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The Daily Wildcat

The Daily Wildcat

 

    Bloggers’ role in question

    Supporters of political candidates rally at the UA Votes 2006 Block Party Oct. 4. Political science senior Garrett OHara said that an assistant of Congressman Raul Grijalva pulled a microphone from him while he interviewed the congressman at the block party.
    Supporters of political candidates rally at the UA Votes 2006 Block Party Oct. 4. Political science senior Garrett O’Hara said that an assistant of Congressman Raul Grijalva pulled a microphone from him while he interviewed the congressman at the block party.

    A UA student blogger said an interview with Rep. Raul Grijalva was forcibly cut short by a staff member, an incident that has raised questions about a blogger’s evolving role in the world of journalism.

    Garrett O’Hara, a political science senior who runs the Web log “”The Arizona Growler: Where higher education collides with Christianity, capitalism and common sense,”” was recording interviews at UA’s Rock the Vote event on Oct. 6 when the incident took place.

    O’Hara said one of Grijalva’s assistants told him to stop recording what she said was a “”private conversation”” between Grijalva and his opponent, Ron Drake.

    When O’Hara did not stop recording, the assistant forcefully switched off the microphone and ripped the cable from the recorder, O’Hara said.

    O’Hara declined to comment yesterday on whether or not he is in the process of taking legal action against the staff member, but he said the broader issue stemmed from a portion of the interview when Grijalva accused him of posing as a journalist.

    On the recording, the two men were arguing about gun-control policies, and after O’Hara asserted that he thought students should be able to carry guns on campus, Grijalva said, “”Journalism is about asking a question and allowing a response.””

    “”I think journalism could also be about presenting a point of view and allowing others to respond,”” O’Hara said on the recording.

    “”Don’t pretend to be a journalist when you’re not,”” Grijalva replied.

    The exchange triggered a conversation about a blogger’s role in journalism.

    O’Hara said that he does not see himself as a “”traditional journalist.””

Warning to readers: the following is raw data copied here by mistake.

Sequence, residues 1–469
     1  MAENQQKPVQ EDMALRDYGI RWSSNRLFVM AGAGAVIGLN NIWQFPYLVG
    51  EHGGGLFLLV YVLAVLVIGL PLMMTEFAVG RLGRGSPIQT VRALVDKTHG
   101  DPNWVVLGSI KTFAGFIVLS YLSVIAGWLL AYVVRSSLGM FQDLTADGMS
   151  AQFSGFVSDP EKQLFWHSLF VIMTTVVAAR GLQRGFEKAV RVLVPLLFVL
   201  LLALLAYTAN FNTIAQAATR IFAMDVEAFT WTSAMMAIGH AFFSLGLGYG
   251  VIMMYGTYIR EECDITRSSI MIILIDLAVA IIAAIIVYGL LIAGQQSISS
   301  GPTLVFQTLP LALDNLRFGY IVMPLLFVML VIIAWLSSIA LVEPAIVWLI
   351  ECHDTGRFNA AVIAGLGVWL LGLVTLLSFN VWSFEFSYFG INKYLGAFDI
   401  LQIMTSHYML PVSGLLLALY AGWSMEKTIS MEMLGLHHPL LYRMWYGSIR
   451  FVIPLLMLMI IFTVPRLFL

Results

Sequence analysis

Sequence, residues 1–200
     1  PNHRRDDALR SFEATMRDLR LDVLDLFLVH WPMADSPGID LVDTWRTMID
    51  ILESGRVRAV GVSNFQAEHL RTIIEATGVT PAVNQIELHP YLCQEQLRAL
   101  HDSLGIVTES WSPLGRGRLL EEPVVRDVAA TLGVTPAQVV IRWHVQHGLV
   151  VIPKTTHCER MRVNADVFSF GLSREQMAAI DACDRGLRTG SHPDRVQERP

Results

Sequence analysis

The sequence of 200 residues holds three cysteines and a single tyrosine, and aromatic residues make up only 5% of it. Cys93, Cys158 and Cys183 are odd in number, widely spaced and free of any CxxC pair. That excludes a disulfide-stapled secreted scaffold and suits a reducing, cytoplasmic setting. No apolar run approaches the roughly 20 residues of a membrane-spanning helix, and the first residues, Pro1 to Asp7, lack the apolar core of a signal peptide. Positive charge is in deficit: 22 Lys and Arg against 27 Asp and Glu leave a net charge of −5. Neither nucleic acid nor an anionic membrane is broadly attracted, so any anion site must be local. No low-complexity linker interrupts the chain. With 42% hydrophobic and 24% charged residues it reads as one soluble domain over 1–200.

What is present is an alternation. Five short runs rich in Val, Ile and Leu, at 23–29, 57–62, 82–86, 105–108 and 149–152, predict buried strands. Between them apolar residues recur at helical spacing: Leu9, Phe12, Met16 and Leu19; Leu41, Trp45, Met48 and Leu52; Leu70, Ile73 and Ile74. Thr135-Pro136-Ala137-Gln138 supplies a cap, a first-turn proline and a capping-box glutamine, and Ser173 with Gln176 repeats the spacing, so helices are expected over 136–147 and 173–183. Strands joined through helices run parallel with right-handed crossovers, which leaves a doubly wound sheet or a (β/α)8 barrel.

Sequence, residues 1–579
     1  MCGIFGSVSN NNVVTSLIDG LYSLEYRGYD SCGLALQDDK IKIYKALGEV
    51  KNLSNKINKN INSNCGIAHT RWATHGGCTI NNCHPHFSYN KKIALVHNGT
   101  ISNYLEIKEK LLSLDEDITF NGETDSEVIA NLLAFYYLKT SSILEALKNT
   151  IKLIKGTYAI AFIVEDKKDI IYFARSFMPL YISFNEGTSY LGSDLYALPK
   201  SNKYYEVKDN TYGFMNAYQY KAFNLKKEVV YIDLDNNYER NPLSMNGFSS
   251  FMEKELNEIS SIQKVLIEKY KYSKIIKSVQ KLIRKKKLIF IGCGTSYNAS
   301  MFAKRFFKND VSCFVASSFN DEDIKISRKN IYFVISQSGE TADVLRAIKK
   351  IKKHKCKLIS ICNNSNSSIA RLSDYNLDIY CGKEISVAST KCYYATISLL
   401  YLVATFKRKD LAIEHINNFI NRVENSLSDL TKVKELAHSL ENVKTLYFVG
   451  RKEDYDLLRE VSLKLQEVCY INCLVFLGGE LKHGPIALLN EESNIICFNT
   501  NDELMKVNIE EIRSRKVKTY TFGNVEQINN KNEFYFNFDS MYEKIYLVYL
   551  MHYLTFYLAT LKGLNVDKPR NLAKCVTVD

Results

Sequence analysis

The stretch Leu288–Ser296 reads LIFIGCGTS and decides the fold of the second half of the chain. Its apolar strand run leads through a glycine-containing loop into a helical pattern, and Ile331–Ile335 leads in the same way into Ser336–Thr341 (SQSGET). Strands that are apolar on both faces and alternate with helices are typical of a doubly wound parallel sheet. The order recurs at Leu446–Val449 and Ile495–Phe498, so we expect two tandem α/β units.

“”The Internet has definitely been a catalyst to … seeing more citizens getting involved,”” O’Hara said.

    Natalie Luna, press secretary for Grijalva, said O’Hara passed himself off as a journalist although he was a blogger.

    Bloggers have more of a “”mouthpiece,”” as they can be objective or not objective as they choose, Luna said.

    Luna said there was initial confusion because Grijalva though O’Hara was a reporter with the Arizona Daily Wildcat.

    However, when O’Hara did not get the answers he wanted, he began attacking Grijalva, Luna said.

    Kevin R. Kemper, an assistant UA journalism professor who teaches the course Law of the Press, said the question of whether or not a blogger is a journalist is still an open legal debate, especially in Arizona.

    “”A better question is what protections should bloggers receive. … Not every blogger is a journalist, but I think that freedom of expression and freedom of information belongs to all people, not just journalists,”” Kemper said.

    Kemper said he could not comment on the alleged altercation because he wasn’t there, but in general, “”bloggers ought to have the same First Amendment protections as any other communicator.””

    O’Hara said that aside from the overall condescending attitude of the assistant, she did not physically harm him or his equipment.

    “”She lightly placed her hand on my arm and said, ‘You’re done,'”” O’Hara said.

    In his blog, O’Hara wrote that the only casualty from the confrontation was a cable adapter that allowed him to connect the microphone to the recorder.

    “”I ended up combing my hand through the sand below me to see if this adapter was around; I have no way of telling whether she had the adapter in hand or simply threw it away whether by incident or intention,”” O’Hara wrote.

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